MS is an expensive disease to treat. Direct and indirect health care costs range from $8,528 to $54,244 per patient per year in the United States. MS ranks second only to congestive heart failure in terms of costliness compared with other chronic conditions.  http://www.healthline.com/health/multiple-sclerosis/facts-statistics-infographic#sthash.wJFSTbfr.dpuf



MS is a battle and we are Warriors. Warriors survive,


I think I mentioned recently that March has brought to me 

so many gifts  during  MS Awareness 

Month. I have had the opportunity to share, through local 

media,my story with my award winning book Have MS. 

What's Your Super Power? have met several fellow 

warriors I would not have known otherwise. My personal 

 fundraising goal is nearly met and it's not over yet!

And I have read...more than ever.



If you do nothing else today, check out MyCouterpane.com.

Kate Milliken is my new hero. She has created a wonderful 

planet on which to vent and share MS stories. The inspiration

found here will make you forget your insurance woes for a 

while and possibly lead you to some much needed answers.




KATE MILLIKEN

Kate Milliken
Kate Milliken is the founder of MyCounterpane.com, and for the past few years, has been immersed in the personal stories of patients and caregivers living with MS. Kate’s own RRMS diagnosis allowed her to see the glaring need for authentic video moments in the illness space that could give people perspective, support and hope.
Kate’s diagnosis also opened an opportunity to work with the National MS Society. She produced the We Keep Moving video series (wekeepmoving.org) and continues to work as an on camera host with MS Learn Online, MS researcher webcasts and with additional projects for the National MS Society website. Pre- MS, Kate founded Milligrace Productions, a video production company that specializes in testimonial video, and has worked in television for more than 15 years; off camera as a producer for the View and VH-1 and as a correspondent in alternative sports (such as snowboarding, mountain biking and monster trucks) where she worked for Fox Sports NET, TNT, TNN the Outdoor Life Network and Oxygen.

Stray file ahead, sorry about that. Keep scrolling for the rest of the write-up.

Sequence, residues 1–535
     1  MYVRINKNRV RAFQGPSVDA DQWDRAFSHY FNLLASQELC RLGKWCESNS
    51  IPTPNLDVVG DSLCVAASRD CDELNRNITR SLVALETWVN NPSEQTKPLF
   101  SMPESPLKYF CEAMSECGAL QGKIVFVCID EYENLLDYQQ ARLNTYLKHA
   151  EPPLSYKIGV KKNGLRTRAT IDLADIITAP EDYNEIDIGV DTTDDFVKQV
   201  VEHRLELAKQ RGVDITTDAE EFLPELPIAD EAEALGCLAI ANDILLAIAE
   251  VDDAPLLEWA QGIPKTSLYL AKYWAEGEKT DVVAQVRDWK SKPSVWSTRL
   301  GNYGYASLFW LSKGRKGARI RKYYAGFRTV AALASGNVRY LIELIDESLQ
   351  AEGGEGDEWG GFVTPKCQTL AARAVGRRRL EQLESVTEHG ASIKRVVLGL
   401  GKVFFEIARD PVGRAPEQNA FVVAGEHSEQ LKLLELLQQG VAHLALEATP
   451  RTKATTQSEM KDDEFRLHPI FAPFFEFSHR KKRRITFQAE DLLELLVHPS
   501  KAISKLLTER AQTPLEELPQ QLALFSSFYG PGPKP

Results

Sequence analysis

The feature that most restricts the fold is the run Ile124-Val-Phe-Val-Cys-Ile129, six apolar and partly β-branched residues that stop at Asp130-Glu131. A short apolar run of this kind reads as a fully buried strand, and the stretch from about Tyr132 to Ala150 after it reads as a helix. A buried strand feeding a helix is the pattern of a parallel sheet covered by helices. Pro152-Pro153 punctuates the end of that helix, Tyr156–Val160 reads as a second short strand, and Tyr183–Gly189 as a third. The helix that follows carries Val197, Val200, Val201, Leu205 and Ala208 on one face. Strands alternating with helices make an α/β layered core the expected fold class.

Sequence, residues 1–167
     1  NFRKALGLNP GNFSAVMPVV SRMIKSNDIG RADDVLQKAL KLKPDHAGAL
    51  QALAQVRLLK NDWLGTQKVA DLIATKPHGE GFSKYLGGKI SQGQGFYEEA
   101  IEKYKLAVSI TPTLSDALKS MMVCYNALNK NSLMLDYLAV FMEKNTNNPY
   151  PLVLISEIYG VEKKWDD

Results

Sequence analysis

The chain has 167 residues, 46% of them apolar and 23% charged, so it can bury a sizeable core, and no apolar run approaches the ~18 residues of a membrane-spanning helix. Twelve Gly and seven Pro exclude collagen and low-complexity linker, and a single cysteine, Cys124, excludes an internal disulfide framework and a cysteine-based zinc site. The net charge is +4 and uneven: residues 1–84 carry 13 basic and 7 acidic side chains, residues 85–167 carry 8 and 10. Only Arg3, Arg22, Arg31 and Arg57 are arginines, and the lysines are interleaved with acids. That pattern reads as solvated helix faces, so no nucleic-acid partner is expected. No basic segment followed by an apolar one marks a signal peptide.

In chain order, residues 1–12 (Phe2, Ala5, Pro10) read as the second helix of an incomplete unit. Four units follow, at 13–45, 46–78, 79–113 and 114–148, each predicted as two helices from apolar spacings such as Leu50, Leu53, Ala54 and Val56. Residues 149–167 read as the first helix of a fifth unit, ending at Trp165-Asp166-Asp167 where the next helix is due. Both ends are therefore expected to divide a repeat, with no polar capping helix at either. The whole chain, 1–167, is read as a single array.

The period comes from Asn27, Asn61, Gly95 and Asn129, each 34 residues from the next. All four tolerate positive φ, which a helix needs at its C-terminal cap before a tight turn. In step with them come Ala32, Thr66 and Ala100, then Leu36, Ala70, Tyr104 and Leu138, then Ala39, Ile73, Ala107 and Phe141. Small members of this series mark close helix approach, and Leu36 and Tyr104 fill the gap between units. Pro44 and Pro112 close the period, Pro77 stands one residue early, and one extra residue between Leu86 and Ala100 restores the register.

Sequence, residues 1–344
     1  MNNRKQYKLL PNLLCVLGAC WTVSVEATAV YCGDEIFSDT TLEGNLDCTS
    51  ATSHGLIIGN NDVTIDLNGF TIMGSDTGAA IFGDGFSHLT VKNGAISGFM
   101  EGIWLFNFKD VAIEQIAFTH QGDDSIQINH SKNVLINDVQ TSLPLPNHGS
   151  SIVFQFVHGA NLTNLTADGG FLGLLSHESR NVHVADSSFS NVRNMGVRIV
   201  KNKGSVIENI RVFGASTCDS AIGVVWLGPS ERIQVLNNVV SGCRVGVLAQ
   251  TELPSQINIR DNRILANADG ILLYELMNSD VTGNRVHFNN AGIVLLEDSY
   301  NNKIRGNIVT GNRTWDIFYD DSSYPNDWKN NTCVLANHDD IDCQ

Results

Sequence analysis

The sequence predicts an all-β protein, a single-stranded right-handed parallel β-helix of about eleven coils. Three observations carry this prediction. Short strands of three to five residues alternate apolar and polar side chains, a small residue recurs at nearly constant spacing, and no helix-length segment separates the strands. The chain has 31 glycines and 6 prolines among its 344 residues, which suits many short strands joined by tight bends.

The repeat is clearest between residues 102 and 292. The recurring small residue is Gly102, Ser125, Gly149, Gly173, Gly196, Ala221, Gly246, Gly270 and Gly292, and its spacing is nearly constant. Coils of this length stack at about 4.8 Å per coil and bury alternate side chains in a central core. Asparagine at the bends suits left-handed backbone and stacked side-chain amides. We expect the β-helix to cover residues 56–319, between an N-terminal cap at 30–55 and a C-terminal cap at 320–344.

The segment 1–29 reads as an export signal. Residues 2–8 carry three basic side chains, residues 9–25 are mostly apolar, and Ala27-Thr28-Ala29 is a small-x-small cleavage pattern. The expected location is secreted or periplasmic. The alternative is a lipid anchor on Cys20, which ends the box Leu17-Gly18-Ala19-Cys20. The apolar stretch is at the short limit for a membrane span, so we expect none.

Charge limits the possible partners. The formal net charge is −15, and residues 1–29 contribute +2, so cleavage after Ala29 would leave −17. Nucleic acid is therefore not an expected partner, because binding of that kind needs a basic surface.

Kate lives in Bronxville, NY with her husband and two young children. Her MS is currently stable.

                                                          












                                                                                                     http://www.amazon.com/Lisa-A.-McCombs/e/B005ELC3FU/ref=dp_byline_cont_book_1


Back to the original topic of this post...I do tend to get side-tracked.
One place to find reliable information concerning health insurance coverage is www.healthcare.gov.
Just about anything you need to know can be unearthed on this site. At least it is a place to begin.

www.pcip.gov is the site to learn more about Preexisting Condition Insurance.

Before cashing in the life insurance policy that you originally invested in for future family situations, make sure that you consult a professional financial planner. The national MS Society is very helpful and offers free financial education and advice services. Call 800-FIGHT-MS to speak with a consultant.

It is important to know all your options in order to take the best advantage of your health insurance plan.

There is no wrong question, so ask as many as you can. At the end of the day, no one knows your needs as well as you do. Achieving a comfortable balance in your daily life is crucial to  your well-being.

I left my beloved job of teaching when I realized that the work place was no longer safe or productive for me. Sure, my family and I are adjusting to a significant financial change; but in the long run my retirement will be beneficial for the quality of our daily existence. Survival requires a few sacrifices along the way. That is what warriors do: sacrifice.

What can you do? Call your state and national government representatives. Make yourself heard. Fight for your right to survive. You are worth it.

Whew! For someone who is normally a silent member of society, I sure managed to spew a full page of words today. I think I'll take a nap!

Lisa